Super objective needs total retirement income perspective: says Mercer

  • 16 March 2016
  • Australia, Melbourne

Defining clear objectives for superannuation is important in both the short and longer-term if the system is going to provide a secure retirement for all Australians, according to superannuation experts, Mercer.

Mercer welcomes the government’s invitation for industry consultation to define the objectives, but also hopes the objectives are defined with a total retirement income perspective and a long-term view.

Mercer Senior Partner, Dr David Knox, said, “To do this properly we have to define the objectives of both superannuation and the Age Pension simultaneously.”

“Super should provide an income throughout your entire retirement, it is not intended for wealth accumulation and estate planning. We need to lock this into the overall objectives now to ensure an adequate and sustainable retirement income for Australians and to protect against ongoing tinkering,” Dr Knox said.

Alleviating fiscal pressures on the government also needs to be addressed in the objectives. Mercer believes to do this the costs of the Age Pension and the superannuation tax concessions need to be considered in combination over the longer-term.  

“The cost of super tax concessions to the government is only part of our retirement savings and should not be considered in isolation. Concentrating on only one component will adversely affect the development of a sound and sustainable retirement income system,” said Dr Knox.

Adding to the debate, Dr Knox said, “It is not enough to state that superannuation should substitute or supplement the Age Pension. We need a clear and sensible line in the sand as to when it should move from supplementing to becoming a substitute and some rationale and clarity around the rate of substitution.”

Mercer’s submission as part of the consultation process will propose a rationale for the long-term relationship between the Age Pension and superannuation.

“We firmly believe the objectives of superannuation must include a whole-of-life approach, including reference to how longevity risk may be managed. Longevity risk is one of the biggest risks facing retired Australians as the length of their retirement is unknown and therefore ensuring their savings last as long as they do is challenging.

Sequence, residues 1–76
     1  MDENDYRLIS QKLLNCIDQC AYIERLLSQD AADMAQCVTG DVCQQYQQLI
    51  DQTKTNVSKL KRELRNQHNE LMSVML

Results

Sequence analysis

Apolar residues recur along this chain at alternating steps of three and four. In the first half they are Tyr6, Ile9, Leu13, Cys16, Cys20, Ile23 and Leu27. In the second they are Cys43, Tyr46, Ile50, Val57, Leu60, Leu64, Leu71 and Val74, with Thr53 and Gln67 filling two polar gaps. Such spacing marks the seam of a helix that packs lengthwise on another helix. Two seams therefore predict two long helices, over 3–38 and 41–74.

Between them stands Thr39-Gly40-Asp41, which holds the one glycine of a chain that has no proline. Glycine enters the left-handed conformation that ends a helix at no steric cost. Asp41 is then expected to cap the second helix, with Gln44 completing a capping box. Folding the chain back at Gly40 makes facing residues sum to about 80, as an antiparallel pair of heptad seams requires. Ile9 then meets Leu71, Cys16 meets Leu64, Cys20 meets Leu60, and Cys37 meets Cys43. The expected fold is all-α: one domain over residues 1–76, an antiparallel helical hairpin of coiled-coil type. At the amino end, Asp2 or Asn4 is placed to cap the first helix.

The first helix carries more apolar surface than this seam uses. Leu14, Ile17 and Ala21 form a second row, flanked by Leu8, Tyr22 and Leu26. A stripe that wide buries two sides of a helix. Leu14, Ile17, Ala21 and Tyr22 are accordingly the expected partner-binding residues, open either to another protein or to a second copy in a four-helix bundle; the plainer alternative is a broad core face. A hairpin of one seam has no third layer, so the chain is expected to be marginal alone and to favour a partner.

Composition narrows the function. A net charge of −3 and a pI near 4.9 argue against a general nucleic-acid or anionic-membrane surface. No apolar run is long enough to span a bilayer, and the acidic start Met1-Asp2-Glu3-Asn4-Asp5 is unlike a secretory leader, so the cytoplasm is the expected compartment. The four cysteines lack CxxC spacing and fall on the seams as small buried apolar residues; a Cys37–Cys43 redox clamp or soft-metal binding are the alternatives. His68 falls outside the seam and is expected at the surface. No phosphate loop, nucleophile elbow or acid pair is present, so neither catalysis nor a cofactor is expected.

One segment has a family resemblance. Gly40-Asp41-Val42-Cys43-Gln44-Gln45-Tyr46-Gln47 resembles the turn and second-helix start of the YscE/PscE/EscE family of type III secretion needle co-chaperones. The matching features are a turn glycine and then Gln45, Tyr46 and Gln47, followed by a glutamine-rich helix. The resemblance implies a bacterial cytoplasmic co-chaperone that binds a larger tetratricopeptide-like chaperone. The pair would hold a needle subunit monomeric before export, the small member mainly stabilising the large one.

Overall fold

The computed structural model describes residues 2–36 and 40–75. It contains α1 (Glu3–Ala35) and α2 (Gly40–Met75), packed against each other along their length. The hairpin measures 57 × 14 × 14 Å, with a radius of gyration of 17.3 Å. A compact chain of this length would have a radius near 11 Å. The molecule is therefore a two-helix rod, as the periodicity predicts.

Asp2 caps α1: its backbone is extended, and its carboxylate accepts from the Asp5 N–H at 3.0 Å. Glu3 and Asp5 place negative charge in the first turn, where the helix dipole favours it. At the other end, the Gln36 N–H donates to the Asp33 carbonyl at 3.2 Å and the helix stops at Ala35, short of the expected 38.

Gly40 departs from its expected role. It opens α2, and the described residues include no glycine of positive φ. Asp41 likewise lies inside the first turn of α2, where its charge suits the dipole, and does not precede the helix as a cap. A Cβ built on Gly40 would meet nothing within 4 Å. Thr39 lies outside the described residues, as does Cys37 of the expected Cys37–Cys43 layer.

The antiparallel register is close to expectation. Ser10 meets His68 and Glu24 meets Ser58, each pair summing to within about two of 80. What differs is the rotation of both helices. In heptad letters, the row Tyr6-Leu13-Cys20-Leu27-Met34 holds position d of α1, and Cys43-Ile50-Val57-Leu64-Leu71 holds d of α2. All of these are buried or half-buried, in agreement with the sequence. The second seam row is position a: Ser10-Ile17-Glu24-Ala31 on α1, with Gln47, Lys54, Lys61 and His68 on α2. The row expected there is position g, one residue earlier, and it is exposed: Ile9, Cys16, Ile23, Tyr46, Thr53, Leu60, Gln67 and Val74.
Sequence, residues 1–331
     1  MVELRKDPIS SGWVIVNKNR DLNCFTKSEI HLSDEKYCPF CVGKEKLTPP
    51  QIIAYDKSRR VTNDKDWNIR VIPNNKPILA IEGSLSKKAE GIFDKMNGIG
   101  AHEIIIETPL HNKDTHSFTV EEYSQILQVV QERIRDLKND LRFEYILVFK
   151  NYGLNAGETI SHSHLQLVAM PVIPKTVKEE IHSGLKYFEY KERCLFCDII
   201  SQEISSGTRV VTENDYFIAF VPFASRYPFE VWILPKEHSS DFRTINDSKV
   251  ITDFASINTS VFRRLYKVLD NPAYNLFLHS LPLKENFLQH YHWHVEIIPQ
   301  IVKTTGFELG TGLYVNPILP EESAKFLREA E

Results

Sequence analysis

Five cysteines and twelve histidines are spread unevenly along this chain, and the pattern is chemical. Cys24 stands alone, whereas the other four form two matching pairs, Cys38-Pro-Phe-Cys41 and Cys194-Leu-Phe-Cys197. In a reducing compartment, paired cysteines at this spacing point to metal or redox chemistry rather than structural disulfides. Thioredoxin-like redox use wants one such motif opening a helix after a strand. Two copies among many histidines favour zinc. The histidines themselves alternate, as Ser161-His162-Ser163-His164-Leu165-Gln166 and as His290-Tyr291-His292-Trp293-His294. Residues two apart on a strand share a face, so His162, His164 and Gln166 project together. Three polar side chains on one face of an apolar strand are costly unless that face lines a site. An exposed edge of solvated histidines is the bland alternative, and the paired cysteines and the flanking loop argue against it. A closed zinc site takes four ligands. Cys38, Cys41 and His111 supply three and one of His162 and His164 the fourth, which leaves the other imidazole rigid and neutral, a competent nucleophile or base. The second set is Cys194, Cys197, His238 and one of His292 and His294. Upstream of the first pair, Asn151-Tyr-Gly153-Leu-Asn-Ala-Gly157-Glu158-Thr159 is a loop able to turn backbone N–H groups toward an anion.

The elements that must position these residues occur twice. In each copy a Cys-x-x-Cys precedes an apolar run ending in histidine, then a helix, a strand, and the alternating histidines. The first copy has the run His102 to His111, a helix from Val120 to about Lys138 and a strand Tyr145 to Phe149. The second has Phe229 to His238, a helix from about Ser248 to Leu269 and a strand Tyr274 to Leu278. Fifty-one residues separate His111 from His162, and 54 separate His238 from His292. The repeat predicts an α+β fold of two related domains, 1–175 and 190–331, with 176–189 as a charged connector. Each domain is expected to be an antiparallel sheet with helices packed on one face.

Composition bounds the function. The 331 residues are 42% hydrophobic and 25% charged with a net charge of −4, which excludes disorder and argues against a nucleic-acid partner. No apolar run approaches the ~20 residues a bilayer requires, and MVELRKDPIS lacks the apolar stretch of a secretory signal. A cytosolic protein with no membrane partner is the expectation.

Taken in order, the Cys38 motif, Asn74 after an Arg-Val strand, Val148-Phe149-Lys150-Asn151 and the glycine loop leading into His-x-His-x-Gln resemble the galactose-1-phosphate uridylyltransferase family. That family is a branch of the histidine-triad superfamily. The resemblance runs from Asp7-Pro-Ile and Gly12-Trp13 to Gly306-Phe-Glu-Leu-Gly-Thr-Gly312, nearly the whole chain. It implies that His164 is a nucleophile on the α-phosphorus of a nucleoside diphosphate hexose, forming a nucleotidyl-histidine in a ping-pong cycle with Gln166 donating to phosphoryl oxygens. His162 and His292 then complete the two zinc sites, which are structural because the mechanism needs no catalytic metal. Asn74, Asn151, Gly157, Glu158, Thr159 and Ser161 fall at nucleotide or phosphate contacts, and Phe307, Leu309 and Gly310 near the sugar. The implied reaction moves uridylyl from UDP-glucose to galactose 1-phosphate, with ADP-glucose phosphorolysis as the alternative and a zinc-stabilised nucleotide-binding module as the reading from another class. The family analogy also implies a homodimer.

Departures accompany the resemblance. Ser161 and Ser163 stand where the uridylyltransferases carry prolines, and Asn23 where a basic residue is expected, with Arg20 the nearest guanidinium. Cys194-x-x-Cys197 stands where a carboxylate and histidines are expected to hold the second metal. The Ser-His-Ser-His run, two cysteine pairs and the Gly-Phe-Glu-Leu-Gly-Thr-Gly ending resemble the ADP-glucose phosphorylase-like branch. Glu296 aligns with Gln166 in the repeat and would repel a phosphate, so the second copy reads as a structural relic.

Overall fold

“There are potential short-term gains for the  government to have objectives enshrined in legislation – but it is important we don’t lose sight of the long-term opportunity here. It’s a good idea, let’s just make sure we do it properly,” concluded Dr Knox.




About Mercer
Mercer is a  global consulting leader in talent, health, retirement and investments. Mercer helps clients around the world advance the health, wealth and performance of  their most vital asset – their people. Mercer’s more than 20,000 employees are based in more than 40 countries and the firm operates in over 130 countries. Mercer is a wholly owned subsidiary of Marsh & McLennan Companies (NYSE: MMC), a global professional services firm offering clients advice and solutions in the areas  of risk, strategy and people. With 57,000 employees worldwide and annual  revenue exceeding $13 billion, Marsh & McLennan Companies is also the  parent company of Marsh, a leader in insurance broking and risk management; Guy Carpenter, a leader in providing risk and reinsurance intermediary services; and Oliver  Wyman, a leader in management consulting. For more information, visit Follow Mercer on Twitter @MercerAu